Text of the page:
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NAME

       Tie::Hash, Tie::StdHash, Tie::ExtraHash - base class definitions for tied hashes

SYNOPSIS

           package NewHash;
           require Tie::Hash;

           @ISA = qw(Tie::Hash);

           sub DELETE { ... }          # Provides needed method
           sub CLEAR { ... }           # Overrides inherited method

           package NewStdHash;
           require Tie::Hash;

           @ISA = qw(Tie::StdHash);

           # All methods provided by default, define only those needing overrides
           # Accessors access the storage in %{$_[0]};
           # TIEHASH should return a reference to the actual storage
           sub DELETE { ... }

           package NewExtraHash;
           require Tie::Hash;

           @ISA = qw(Tie::ExtraHash);

           # All methods provided by default, define only those needing overrides
           # Accessors access the storage in %{$_[0][0]};
           # TIEHASH should return an array reference with the first element being
           # the reference to the actual storage
           sub DELETE {
             $_[0][1]->('del', $_[0][0], $_[1]); # Call the report writer
             delete $_[0][0]->{$_[1]};           #  $_[0]->SUPER::DELETE($_[1])
           }

           package main;

           tie %new_hash, 'NewHash';
           tie %new_std_hash, 'NewStdHash';
           tie %new_extra_hash, 'NewExtraHash',
               sub {warn "Doing \U$_[1]\E of $_[2].\n"};

DESCRIPTION

       This module provides some skeletal methods for hash-tying classes. See perltie for a list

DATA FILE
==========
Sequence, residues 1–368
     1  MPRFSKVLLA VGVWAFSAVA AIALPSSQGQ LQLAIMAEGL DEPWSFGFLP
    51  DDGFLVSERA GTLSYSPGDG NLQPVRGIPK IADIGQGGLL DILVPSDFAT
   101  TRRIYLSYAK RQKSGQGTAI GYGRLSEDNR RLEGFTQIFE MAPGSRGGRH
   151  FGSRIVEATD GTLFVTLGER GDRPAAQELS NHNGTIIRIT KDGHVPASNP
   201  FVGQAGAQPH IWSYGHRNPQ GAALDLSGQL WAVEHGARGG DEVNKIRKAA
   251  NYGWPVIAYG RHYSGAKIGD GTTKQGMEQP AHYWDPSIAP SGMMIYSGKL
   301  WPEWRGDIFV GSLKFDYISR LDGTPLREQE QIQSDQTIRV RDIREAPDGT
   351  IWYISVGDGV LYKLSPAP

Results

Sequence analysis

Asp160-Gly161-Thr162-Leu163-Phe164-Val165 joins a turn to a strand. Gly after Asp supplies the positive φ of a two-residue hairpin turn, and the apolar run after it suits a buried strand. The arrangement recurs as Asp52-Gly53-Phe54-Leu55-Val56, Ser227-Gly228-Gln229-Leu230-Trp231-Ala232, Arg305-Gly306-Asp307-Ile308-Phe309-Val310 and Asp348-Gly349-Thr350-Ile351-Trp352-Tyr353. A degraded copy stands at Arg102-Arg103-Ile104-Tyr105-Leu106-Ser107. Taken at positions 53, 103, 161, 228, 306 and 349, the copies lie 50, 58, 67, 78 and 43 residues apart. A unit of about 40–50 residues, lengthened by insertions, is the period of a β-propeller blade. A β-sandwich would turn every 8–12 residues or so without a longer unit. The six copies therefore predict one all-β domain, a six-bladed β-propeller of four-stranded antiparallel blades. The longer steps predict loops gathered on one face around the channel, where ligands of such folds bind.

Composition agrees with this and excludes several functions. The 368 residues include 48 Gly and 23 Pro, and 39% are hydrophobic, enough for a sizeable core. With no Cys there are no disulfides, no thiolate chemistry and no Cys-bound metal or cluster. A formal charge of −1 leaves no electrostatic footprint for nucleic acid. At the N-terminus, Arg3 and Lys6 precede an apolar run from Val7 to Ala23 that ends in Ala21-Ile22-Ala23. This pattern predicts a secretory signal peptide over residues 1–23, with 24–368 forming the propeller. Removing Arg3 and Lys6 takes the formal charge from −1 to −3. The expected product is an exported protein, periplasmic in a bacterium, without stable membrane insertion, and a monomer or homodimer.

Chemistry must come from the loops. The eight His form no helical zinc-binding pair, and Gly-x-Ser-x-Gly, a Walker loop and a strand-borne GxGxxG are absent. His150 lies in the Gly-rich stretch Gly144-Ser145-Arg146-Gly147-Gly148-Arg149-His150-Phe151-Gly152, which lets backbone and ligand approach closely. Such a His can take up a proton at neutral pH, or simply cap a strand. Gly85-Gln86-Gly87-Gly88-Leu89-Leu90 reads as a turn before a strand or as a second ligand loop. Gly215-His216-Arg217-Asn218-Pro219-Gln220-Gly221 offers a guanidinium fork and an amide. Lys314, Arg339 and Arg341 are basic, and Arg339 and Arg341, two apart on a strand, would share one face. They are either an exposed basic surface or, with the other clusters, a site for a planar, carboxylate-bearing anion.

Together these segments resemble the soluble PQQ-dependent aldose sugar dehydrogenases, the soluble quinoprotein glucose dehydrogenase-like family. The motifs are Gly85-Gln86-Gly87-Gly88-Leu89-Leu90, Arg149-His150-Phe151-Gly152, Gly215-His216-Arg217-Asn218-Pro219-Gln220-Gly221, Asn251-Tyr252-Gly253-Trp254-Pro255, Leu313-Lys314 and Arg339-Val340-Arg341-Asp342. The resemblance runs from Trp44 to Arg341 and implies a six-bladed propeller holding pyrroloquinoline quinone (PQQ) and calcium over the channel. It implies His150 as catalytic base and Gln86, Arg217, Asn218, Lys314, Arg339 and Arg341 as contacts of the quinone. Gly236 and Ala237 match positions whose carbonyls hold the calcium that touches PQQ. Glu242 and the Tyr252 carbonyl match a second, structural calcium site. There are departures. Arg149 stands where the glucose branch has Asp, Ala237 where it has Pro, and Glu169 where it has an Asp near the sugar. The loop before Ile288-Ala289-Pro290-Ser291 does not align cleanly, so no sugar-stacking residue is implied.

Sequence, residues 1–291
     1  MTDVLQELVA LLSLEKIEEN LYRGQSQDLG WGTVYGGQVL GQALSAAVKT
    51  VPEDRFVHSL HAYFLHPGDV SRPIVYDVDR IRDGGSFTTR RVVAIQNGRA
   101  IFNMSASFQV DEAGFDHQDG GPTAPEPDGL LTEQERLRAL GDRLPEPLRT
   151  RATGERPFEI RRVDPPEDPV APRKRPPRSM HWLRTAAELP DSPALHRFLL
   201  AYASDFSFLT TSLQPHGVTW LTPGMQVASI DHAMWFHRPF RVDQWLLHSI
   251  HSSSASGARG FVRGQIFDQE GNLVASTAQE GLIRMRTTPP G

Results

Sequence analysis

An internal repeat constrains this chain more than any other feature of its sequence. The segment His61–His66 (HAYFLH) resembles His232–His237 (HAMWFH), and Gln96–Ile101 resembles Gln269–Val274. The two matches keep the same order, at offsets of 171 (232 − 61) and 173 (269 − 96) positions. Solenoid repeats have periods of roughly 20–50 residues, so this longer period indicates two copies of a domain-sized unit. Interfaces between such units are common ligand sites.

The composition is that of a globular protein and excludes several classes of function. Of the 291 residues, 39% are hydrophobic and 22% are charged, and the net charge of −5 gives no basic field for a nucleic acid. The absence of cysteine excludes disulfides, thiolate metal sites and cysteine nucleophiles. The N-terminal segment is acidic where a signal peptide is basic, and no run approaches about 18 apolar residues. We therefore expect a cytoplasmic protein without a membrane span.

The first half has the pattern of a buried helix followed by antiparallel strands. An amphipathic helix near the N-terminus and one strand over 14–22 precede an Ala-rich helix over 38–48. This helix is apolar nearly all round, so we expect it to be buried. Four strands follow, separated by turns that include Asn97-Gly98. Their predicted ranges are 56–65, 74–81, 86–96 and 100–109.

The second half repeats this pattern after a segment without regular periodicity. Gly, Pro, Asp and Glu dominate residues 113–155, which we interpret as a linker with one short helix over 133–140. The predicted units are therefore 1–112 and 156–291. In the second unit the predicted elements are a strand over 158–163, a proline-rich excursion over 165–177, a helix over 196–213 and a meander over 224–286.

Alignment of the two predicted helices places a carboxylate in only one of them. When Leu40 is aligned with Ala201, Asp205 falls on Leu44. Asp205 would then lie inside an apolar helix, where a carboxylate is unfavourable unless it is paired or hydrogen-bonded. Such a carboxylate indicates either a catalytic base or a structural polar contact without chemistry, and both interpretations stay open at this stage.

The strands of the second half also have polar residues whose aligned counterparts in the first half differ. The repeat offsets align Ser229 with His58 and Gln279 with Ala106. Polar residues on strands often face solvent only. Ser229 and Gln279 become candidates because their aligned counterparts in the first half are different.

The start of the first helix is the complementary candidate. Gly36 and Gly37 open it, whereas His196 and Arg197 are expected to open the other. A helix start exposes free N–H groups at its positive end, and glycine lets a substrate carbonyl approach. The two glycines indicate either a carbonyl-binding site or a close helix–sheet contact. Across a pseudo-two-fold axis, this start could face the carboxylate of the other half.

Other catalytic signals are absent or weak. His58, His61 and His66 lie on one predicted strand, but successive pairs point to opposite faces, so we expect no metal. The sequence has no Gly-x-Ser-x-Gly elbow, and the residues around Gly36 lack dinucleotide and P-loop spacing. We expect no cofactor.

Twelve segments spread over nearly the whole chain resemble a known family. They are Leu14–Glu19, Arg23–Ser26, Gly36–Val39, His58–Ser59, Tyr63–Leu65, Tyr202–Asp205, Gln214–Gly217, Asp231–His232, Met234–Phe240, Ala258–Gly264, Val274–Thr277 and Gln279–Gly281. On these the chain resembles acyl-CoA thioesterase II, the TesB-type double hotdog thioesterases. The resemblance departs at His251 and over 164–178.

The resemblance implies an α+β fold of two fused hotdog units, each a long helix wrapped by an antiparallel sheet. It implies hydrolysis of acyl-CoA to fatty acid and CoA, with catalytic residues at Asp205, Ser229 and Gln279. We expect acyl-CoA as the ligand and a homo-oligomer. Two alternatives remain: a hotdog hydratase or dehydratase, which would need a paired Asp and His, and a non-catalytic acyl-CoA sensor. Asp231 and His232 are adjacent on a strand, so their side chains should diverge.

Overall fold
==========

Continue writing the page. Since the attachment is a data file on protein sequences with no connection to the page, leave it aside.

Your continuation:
of the functions required in order to tie a hash to a package. The basic Tie::Hash package
       provides a "new" method, as well as methods "TIEHASH", "EXISTS" and "CLEAR". The
       Tie::StdHash and Tie::ExtraHash packages provide most methods for hashes described in
       perltie (the exceptions are "UNTIE" and "DESTROY").  They cause tied hashes to behave
       exactly like standard hashes, and allow for selective overwriting of methods.  Tie::Hash
       grandfathers the "new" method: it is used if "TIEHASH" is not defined in the case a class
       forgets to include a "TIEHASH" method.

       For developers wishing to write their own tied hashes, the required methods are briefly
       defined below. See the perltie section for more detailed descriptive, as well as example
       code:

       TIEHASH classname, LIST
           The method invoked by the command "tie %hash, classname". Associates a new hash
           instance with the specified class. "LIST" would represent additional arguments (along
           the lines of AnyDBM_File and compatriots) needed to complete the association.

       STORE this, key, value
           Store datum value into key for the tied hash this.

       FETCH this, key
           Retrieve the datum in key for the tied hash this.

       FIRSTKEY this
           Return the first key in the hash.

       NEXTKEY this, lastkey
           Return the next key in the hash.

       EXISTS this, key